FB2A Current in August 2013

As predicted, the family-based, second preference “A” category (FB2A) for spouses and minor children of lawful permanent residents (LPRs, or “green card holders”) is current under the August 2013 Visa Bulletin. A more thorough review of this category is provided in the MurthyDotCom NewsBrief, FB2A Could be Current, Act Quickly (17.June.2013). The FB2A category being current potentially provides an eligible applicant with a relatively quick path to becoming an LPR. However, it also may lead to certain pitfalls that one must take care to avoid in order to prevent immigration problems.

No Guarantee When FB2A Will Retrogress

For the time being, the FB2A is an immediately available option for the spouse and/or child/ren of an LPR to file for adjustment of status (I-485) within the United States and obtain employment authorization and advance parole. This filing must be based upon a form I-130 relative petition. It is important to act quickly, as the availability of visa numbers in this category for all applicants is historic. While it is unknown how long the category will remain current, what is known is that it will not remain current indefinitely.

Filing for Adjustment of Status

An I-485 application can only be filed if the foreign national is in the United States. This application contains a number of procedural requirements regarding status and other eligibility factors. If those requirements are satisfied, and the priority date is current, it is possible to concurrently file the I-130 relative petition with the I-485. This also has the advantage of allowing for a request for an employment authorization document (EAD) and advance parole (AP).

Requesting Consular Processing

Spouses (or fiancé/es) who are living outside of the United States face a very different situation. Individuals who are processing from abroad must use consular processing. Such applicants need to undergo a multistep, somewhat lengthy process. Therefore, those who are just now considering the I-130 filing (or contemplating marriage, and seeking to file a green card case once the marriage is finalized), are likely to find the current window of opportunity in the FB2A category too brief. This does not mean that individuals should not move forward with FB2A cases. It simply means that they must be realistic in their expectations for the uncertain future in this volatile category.

Provide Honest Reason for Seeking Entry to U.S.

When confronted with the realization that an adjustment-of- status application may be far more beneficial than filing an FB2A case for consular processing, an individual may look for ways to bring his/her spouse (or potential spouse) to the United States so that the I-485 can then be filed. There may be a temptation to attempt to hide relevant information from the consular or port of entry officer in order to improve one’s chances of getting into the country. While the desire to reunite the family is understandable, it is critical not to allow this desire to cloud one’s judgment. Providing false or misleading information to a U.S. immigration official is a serious offense that can lead to long-term negative consequences. Typically, this arises when a foreign national looks into applying for a student (F-1) or visitor’s (B-1/B-2) visa, or seeks to enter the United States with such an existing visa. The problem is that both of these classifications require nonimmigrant intent. An attempt to come to the U.S. in F-1 or B-1/B-2 status with the intention of getting married and adjusting status could lead to allegations of fraud or misrepresentation.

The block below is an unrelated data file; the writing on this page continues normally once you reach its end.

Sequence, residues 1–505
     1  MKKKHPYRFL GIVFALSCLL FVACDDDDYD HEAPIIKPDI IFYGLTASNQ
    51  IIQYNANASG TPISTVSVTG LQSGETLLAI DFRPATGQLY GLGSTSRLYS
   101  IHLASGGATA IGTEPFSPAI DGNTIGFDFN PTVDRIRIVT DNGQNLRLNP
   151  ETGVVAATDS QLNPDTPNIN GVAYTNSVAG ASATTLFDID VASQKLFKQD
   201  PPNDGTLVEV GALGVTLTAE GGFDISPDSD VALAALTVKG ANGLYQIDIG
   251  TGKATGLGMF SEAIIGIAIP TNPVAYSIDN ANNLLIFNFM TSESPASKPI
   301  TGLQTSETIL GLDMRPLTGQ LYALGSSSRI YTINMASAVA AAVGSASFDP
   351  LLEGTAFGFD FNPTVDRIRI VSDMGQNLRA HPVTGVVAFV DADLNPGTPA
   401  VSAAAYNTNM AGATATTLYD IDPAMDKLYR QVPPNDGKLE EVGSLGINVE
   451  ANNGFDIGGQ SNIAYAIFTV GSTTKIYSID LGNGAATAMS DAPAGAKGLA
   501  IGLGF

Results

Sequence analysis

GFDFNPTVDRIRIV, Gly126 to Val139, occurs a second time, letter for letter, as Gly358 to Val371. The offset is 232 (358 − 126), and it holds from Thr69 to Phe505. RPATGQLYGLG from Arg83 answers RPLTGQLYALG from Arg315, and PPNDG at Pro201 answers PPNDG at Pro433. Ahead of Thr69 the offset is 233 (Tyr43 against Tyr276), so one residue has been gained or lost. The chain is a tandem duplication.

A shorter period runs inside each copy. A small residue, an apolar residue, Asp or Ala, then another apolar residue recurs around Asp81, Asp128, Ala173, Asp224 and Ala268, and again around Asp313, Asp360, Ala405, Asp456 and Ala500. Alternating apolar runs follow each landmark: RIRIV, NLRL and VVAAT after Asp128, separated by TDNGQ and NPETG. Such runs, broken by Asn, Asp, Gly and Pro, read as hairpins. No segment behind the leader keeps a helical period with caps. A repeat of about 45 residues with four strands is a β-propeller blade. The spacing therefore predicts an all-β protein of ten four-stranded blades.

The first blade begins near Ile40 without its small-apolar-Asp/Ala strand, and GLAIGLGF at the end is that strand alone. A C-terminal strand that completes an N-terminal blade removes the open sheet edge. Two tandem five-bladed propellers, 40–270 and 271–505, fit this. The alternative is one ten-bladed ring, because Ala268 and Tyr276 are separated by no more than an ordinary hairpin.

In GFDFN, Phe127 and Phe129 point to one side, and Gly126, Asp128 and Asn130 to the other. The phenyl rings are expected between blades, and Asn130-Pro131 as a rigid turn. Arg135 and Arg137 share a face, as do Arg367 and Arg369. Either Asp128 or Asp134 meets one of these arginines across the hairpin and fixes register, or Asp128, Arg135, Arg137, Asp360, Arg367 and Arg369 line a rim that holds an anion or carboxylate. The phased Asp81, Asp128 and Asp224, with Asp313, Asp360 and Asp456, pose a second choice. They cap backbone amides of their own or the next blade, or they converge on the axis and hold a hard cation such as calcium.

Visa Application Must Include Relatives or Fiancé/e

As part of the visa application process, a foreign national must complete the nonimmigrant visa application from (DS-160). This form specifically asks questions about whether the applicant has any relatives in the United States. If one is married to a permanent resident, this must be disclosed in the DS-160. The form also asks whether there is a fiancé/e in the United States. Problems commonly arise related to this, as the definition of “fiancé/e” is a bit unclear, and there are cultural differences that may influence the interpretation of these terms. If a foreign national has the intention of marrying a specific individual, however, and this individual shares the same plan, it is appropriate and proper for him/her to be referred to as one’s fiancé/e. While the existence of such a relationship is usually considered contrary to having a purely nonimmigrant intent (meaning that there is a good chance the application will be denied), the desire to obtain an F-1 or B-1/2 visa must not override the importance of being honest and forthright when dealing with U.S. immigration officials.

Severe Penalties for Providing False Information

If an individual is found to have lied on a visa application (or to a Customs and Border Protection officer at the port of entry), this is likely to be categorized as fraud or misrepresentation. A foreign national who commits an act of fraud or misrepresentation to obtain an immigration benefit is deemed “inadmissible” to the United States, which means s/he is prohibited from entering the U.S. This is a permanent bar with limited options for waivers or forgiveness. The U.S. government takes this very seriously; so foreign nationals are strongly urged to be truthful in their dealings with immigration officials.


Those who need guidance on whether and how they can benefit under the FB2A category are encouraged to schedule a consultation with an attorney at the Murthy Law Firm. MurthyDotCom will continue to follow developments related to this this important family-based immigration option.

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Disclaimer: The information provided here is of a general nature and may not apply to any specific or particular circumstance. It is not to be construed as legal advice nor presumed indefinitely up to date.